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Singing a Different Tune: Dept. Store Naysayers See Hope Amid Gloom

Rumors of the demise of the department store are apparently exaggerated. Here’s a report on the state of the sector and challenges that lay ahead.

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NEW YORK — In an age of Wal-Mart dominance, price deflation and declining mall traffic, almost no one preaches the gospel of department stores, unless, perhaps, they are Terry Lundgren or Allen Questrom.

So even the always provocative Carl Steidtmann sounded a little loopy in November when he told 500 executives at a Fashion Group luncheon: “Younger consumers between ages 18 and 24 have defined the department store as their store of choice.”

Could it be that department stores — for decades maligned as retail dinosaurs slowly headed to extinction — have seen the light?

“There’s a ‘9/11 generation’ that is culturally more conservative than their parents and like department stores more,” Steidtmann, the chief economist of Deloitte Research, would later tell WWD.

It’s not exactly a revival in the works, but Steidtmann said department stores have an opportunity to attract younger shoppers, and the old dinosaur argument doesn’t fly. “People have been talking about the demise of department stores forever. Every 10 years you hear the same story. But they have come out of this most recent recession stronger than the past recession, which was about debt and leveraged buyouts, though some other department stores went out of business because they lost their franchise and had no reason for being,” he said.

“It reflected excess capacity. There still is excess capacity, but not as much. Department stores really have focused on productivity on inventories, sales and labor costs. They’ve closed stores that were under-performing, streamlined merchandising operations and managed their inventories better. The real challenge is to grow the top line. What makes it so difficult is price deflation, because of the impact of China,” though China is expected to revalue its currency in coming months. Casualization also reduces the average ticket size, Steidtmann noted. “The other big challenge is real estate. New malls aren’t being built. How do you take the department store concept outside the mall?”

That’s an issue, but perhaps more for the future. Malls are still magnets for young people — as evidenced by the crowds of teens hanging out at any mall nationwide on any given Saturday afternoon. “Malls are very attractive to young people, more so than strip centers where the older customer tends to shop because of the convenience,” said Questrom, the chairman and chief executive officer of J.C. Penney. “Kids go to malls to socialize and like shopping malls. We do a huge juniors business and a huge young men’s business.”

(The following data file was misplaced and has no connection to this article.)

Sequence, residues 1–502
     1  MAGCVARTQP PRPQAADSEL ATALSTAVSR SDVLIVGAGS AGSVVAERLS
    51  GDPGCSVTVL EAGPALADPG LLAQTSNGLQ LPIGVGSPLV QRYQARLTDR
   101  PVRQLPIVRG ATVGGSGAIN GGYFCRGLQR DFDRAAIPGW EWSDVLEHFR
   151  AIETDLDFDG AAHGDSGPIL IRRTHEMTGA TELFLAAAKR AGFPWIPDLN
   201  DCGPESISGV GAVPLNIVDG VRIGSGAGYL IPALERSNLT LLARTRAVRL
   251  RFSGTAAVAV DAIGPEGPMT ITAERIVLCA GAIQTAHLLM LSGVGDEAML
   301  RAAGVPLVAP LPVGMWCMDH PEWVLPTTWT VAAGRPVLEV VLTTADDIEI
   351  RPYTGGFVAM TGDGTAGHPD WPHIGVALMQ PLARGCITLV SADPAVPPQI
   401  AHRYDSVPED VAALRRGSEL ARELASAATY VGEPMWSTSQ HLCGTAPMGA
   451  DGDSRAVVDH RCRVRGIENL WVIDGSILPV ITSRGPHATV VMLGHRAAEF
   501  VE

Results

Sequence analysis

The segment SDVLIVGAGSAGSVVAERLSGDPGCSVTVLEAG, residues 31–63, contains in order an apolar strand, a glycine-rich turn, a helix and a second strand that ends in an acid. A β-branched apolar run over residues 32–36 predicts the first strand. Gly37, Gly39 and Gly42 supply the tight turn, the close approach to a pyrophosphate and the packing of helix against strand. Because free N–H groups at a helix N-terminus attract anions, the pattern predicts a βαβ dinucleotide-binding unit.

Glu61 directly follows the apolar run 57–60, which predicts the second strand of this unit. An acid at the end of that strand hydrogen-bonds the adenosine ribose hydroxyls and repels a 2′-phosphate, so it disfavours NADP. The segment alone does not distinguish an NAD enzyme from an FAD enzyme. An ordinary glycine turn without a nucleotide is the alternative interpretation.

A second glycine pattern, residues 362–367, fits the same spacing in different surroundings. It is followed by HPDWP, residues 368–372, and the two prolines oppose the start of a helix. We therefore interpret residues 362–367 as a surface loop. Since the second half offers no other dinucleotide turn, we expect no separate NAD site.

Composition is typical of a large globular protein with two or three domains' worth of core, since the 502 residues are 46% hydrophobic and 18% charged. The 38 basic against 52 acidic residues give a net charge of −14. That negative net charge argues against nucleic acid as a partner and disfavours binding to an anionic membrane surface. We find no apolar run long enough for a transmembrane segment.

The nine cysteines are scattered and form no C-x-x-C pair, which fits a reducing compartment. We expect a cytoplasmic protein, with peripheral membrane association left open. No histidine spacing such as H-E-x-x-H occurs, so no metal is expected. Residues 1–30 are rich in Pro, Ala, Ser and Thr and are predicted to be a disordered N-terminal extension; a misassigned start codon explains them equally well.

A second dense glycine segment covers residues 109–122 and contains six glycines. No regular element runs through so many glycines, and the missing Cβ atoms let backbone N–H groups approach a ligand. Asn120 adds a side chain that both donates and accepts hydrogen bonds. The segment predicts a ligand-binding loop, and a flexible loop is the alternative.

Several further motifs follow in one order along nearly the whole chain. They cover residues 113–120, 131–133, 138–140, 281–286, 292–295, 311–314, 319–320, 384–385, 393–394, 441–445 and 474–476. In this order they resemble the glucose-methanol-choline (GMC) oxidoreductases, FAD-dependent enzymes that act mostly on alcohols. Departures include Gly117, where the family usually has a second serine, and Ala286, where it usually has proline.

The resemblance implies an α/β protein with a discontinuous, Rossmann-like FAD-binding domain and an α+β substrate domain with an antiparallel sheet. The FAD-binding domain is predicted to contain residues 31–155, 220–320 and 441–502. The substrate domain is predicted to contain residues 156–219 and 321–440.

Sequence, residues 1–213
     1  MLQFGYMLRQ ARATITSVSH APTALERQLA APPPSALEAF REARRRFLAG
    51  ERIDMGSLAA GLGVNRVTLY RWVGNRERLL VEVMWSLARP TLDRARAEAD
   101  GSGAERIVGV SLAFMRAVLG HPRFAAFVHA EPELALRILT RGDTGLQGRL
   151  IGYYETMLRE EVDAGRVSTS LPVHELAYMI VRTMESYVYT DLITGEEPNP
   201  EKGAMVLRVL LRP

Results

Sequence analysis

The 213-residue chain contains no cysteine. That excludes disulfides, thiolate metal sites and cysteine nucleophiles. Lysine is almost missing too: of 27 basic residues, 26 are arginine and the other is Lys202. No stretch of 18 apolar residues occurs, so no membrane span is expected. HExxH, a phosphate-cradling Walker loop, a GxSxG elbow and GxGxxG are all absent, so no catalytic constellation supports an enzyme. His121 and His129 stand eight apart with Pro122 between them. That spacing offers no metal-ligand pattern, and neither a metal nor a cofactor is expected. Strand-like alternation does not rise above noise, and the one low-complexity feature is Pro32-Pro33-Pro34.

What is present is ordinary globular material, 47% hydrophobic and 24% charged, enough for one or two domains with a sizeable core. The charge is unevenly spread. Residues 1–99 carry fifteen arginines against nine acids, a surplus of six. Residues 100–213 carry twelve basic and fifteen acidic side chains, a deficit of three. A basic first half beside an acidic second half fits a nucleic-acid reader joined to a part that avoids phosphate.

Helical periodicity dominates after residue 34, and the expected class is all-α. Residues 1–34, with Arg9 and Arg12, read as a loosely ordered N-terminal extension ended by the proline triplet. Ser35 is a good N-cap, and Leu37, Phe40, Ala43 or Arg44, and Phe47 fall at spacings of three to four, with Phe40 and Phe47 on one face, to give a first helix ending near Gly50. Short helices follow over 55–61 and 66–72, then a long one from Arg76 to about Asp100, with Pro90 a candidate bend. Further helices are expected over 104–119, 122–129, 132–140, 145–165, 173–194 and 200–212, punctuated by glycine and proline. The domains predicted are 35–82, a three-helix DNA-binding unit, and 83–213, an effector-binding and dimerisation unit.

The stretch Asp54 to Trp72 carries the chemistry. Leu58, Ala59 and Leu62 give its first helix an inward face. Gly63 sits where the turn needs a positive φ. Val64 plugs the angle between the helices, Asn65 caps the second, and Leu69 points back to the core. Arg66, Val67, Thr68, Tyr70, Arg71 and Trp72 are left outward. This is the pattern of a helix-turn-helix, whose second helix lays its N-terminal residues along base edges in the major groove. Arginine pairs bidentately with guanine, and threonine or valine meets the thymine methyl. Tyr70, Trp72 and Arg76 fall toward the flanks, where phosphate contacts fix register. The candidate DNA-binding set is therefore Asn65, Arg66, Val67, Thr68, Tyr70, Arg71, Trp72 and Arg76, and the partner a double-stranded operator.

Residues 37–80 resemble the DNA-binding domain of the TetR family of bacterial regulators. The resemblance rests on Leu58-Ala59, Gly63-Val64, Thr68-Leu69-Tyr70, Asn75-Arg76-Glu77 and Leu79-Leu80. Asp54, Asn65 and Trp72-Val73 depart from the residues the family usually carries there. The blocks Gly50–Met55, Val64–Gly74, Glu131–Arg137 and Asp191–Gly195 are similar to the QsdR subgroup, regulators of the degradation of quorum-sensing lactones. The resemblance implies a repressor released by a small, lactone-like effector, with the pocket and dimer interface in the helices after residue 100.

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“I never thought department stores were dead. I just thought their products were stale,” said Hal Kahn, the former ceo of Macy’s East. “Our problem wasn’t getting the core customer. There were just too many of the same looks in too many channels of distribution. But in the last couple of years, through the development and expansion of limited-distributed resources, like urban and private label brands, Macy’s has been offering a lot of newness. The fastest- growing businesses cater to the young. And when the economy improves, there will be a return to dressier apparel.”

And there are other signs that Steidtmann’s bullishness on the sector might not be misplaced. Fourth-quarter results were strong and most retail executives have offered an improved outlook for this year. Meanwhile, stores are pushing ahead with proprietary merchandise programs, such as Federated’s INC and American Rag brands and May Co.’s Hotel Suite collection of better textiles, china, crystal and furniture. As a result, analysts are taking the view that the department store model can be reinvented once again, albeit with a lot of work.

“They are still getting squeezed by wholesale clubs on one end and specialties on the other, but department stores are much more aware of their issues and ready to address them,” said Carrie Shea, global leader of retail practice, Archstone Consulting. “For the last six years, there was some denial, some unwillingness to change merchandising strategies. The 2002 holiday season was a wake-up call, and for the past year, they’ve become much smarter about merchandising, inventory management, and making returns easier through the holiday season, partly by providing a better integration between Web sites and stores. They are also starting to invest more in loyalty marketing, providing differentiated service to most valued customers and understanding who their customers are.”

“There are fundamental needs that department stores satisfy,” noted Arnold Aronson, director of retail marketing strategies for Kurt Salmon Associates. “While they are surrounded by competing channels, they provide one-stop shopping. They put their reputations behind the products they sell, offer return privileges, and they reward loyalty with perks. Department stores have reached a point of some reenergizing and renewed enlightenment among select department store management. They haven’t turned a corner. They are turning a corner.”